DJ Quicksilva will DJ during the art+fashion show and transition into the late night party. Young Guru will take center stage shortly after midnight. The self-titled ‘DMVs Party Kingpin’. DJ Quicksilva, has been partying with Urbane DC for the past year. He is the resident DJ for “Park Thursdays” at Park at Fourteenth where Urbane host its weekly happy hour & late night party. Young Guru is currently in London with Jay-Z & Kanye West recording “Watch The Throne” compilation. Fresh from studio sessions, he will return to the states to bring DC an inspiring dance floor crazed, hands in the air, lose your mind, party experience.

 

This event targets creative and fashion-forward partyers, hip hop lovers, and dance floor enthusiast.

 

More details about the event will be released soon. Stay tuned to Urbane’s facebook page (www.facebook.com/urbaneent) and twitter account (http://www.twitter.com/urbaneent). Friends can RSVP in advance at dc@urbaneworldwide.com.  If you are an interested designer, model, or hip hop painter/visual artist you can contact us at nsmith@urbaneworldwide.com.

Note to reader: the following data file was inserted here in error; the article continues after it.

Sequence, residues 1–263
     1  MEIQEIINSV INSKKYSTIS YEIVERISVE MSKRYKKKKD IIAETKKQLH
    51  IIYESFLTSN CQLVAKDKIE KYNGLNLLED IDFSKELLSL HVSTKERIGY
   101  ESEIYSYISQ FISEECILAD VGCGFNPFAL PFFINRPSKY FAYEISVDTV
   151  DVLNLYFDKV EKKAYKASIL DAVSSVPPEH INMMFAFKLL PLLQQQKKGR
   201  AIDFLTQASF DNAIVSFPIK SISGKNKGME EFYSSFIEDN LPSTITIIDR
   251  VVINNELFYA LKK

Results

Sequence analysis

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04 Apr

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IL: Michael A. Blake

April 4, 2011 | By | No Comments

M.BlakeCongratulations to our selection for IMPACT Leader of the Month, Michael Alexander Blake! Mr. Blake is a man of God whose family says went from no house to the White House.

His family is from Jamaica, West Indies has overcome remarkable adversity to get to where they at now – only thanks to the grace and mercy of The Lord.

Michael’s family history and journey is powerful.

He was born on Christmas Day of 1982 with a heart murmur and was named after his father’s respect of former Prime Minister Michael Manley and labor national hero Alexander Bustamante.